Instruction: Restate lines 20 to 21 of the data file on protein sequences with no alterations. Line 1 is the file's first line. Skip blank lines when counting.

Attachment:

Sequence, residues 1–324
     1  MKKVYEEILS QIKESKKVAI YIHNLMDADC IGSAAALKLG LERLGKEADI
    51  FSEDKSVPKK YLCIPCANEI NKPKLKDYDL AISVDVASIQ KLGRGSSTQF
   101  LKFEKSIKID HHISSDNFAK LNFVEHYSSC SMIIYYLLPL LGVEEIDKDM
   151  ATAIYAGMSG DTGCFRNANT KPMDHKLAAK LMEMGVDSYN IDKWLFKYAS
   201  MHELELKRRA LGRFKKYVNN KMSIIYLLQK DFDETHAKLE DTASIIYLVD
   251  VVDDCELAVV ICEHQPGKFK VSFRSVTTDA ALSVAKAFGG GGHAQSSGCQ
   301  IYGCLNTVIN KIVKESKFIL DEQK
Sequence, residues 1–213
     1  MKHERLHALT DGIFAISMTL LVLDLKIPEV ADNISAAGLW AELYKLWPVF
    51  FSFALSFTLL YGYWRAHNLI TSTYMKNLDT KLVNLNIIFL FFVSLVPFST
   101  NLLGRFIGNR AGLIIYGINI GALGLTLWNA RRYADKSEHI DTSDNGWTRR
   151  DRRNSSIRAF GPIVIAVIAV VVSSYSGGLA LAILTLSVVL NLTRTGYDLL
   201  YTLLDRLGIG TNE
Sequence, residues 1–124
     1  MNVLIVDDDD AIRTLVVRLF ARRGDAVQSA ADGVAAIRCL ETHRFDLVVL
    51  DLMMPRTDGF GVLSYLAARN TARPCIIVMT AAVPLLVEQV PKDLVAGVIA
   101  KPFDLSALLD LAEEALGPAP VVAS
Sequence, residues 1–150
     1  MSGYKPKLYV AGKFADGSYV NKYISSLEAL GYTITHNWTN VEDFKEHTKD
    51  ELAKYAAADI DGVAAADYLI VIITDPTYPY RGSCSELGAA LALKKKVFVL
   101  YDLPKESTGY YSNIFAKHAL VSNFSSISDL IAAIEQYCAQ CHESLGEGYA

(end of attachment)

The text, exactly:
     1  MSGYKPKLYV AGKFADGSYV NKYISSLEAL GYTITHNWTN VEDFKEHTKD
    51  ELAKYAAADI DGVAAADYLI VIITDPTYPY RGSCSELGAA LALKKKVFVL